Looking to maximize your rate of interest as a saver? There are a few banks out there that can help you do it!
Grab these great interests on high yield checking accounts
Throughout the beginning of this decade, rates for savers were looking anemic across the nation. At one point, the national average on a certificate of deposit (CD) was just a little north of a measly 1%!
Rates have only minimally improved since then. But there are a number of smaller banks and credit unions that offer rates above the norm on high yield checking accounts.
Many of the best ones are at community banks and credit unions in your hometown. Look on billboards or signs when you’re driving around. So long as the bank is FDIC insured (or NCUA insured for credit unions), your money is protected up to $250,000.
If you want to cast the net a little wider, DepositAccounts.com has one of the best national clearinghouses for rates. Here are the top five high yield checking rates from around the country (effective 10/18/16) as determined by DepositAccounts.com:
|Product: Ultimate Checking|
|Rate: 5.00% APY|
|Restrictions: Rates applies only on balances up to $5,000. Other restrictions may apply.|
|Consumers Credit Union|
|Product: Free Rewards Checking account|
|Rate: 4.59% APY|
|Restrictions: Rate applies only on balances up to $20,000. Other restrictions may apply.|
|La Capitol Federal Credit Union|
|Product: All Access Advantage Checking|
|Rate: 4.25% APY|
|Restrictions: Rate applies only on balances up to $5,000. Other restrictions may apply.|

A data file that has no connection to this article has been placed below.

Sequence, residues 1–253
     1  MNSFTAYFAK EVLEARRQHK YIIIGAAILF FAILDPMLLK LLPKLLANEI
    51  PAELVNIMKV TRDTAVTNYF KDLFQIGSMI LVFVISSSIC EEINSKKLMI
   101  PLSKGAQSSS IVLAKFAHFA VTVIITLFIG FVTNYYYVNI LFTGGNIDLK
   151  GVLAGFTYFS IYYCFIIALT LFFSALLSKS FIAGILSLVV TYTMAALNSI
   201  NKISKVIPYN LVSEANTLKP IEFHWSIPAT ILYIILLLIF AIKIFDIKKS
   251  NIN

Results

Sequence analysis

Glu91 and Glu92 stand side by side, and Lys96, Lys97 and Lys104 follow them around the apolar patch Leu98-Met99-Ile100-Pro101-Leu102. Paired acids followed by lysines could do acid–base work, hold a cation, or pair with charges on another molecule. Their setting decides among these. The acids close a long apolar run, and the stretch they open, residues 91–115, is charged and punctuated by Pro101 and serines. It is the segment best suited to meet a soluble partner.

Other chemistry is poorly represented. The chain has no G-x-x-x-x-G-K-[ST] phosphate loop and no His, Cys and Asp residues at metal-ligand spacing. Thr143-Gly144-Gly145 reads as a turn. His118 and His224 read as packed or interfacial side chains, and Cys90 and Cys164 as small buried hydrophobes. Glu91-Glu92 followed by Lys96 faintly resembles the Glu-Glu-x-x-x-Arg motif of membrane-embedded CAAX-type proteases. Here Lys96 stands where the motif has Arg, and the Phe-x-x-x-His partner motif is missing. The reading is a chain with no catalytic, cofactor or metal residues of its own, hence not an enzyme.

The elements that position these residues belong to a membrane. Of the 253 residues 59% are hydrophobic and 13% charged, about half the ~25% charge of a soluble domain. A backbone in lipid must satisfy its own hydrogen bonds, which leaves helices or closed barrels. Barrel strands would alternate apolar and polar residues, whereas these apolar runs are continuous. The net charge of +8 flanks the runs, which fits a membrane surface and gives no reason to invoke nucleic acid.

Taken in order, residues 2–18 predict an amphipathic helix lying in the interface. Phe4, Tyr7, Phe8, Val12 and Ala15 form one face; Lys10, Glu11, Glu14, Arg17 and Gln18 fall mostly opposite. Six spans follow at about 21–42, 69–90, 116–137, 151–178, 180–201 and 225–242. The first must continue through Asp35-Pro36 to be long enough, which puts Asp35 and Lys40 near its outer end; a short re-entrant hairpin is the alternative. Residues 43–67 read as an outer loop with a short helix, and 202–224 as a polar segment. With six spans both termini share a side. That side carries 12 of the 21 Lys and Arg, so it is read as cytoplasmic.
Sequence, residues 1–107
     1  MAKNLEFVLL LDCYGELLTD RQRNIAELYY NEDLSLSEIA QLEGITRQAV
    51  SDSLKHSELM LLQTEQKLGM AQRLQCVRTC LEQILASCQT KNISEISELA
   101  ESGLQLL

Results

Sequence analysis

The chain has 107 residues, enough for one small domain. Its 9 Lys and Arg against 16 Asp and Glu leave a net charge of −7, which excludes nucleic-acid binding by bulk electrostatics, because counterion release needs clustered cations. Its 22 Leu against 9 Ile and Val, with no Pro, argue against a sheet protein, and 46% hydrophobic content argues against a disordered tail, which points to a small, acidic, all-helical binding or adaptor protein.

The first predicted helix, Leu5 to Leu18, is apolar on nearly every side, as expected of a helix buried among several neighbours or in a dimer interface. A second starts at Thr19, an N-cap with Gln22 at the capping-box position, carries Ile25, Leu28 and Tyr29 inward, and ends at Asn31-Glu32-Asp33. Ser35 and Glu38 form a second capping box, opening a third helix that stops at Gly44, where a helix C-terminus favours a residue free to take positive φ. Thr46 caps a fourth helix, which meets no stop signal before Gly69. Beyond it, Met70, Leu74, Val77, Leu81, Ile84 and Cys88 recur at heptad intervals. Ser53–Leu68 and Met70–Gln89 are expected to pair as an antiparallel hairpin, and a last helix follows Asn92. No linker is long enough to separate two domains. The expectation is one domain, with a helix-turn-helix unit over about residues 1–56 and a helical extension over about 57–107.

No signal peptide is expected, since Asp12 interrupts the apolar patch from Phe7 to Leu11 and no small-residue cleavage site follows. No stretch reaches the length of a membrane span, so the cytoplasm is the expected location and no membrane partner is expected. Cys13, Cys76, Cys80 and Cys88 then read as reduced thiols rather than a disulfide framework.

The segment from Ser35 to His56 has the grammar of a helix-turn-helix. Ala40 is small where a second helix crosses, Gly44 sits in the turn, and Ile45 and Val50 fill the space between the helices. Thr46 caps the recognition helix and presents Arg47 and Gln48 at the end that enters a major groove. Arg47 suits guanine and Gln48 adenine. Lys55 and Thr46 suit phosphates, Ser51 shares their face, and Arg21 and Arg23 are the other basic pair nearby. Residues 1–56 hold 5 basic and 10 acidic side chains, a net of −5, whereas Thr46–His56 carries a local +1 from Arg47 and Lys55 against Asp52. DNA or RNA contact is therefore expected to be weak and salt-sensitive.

|Blue Federal Credit Union|
|Product: Extreme Checking|
|Rate: 4.00% APY|
|Restrictions: Rate applies only on balances up to $15,000. Other restrictions may apply.|
|Hope Federal Credit Union|
|Product: HOPE Rewards Checking|
|Rate: 3.01% APY|
|Restrictions: Rate applies only on balances up to $10,000. Other restrictions may apply.|
Clearly the best way to maximize your money is to have several of these accounts going at once!
A word about CD rates
CD rates are sure to go up from here but no one knows exactly when. It could be in the very near future or it could further down the road.
That’s why it’s best to ladder your CDs. The easiest way to do that is to split your money into three piles — a money-market or savings account; a one-year CD; and a five-year CD.
A more sophisticated laddering approach would involve a six-tier setup. Splitting your money into six even piles, you’d have the following set-up: A money-market or savings account; a one-year CD; two-year CD; three-year CD; four-year CD; and a five-year CD.
Taking the latter example, when your one-year CD comes due, you have that money available to take advantage of a better rate — if there is one. Ditto for your two-year CD when it comes due, your three-year CD and so on.
That way you don’t lock all your money into a lengthy CD if rates go up in the near future, and you’re still earning the rates you lock in at today in the unlikely event that they go slightly lower down the road.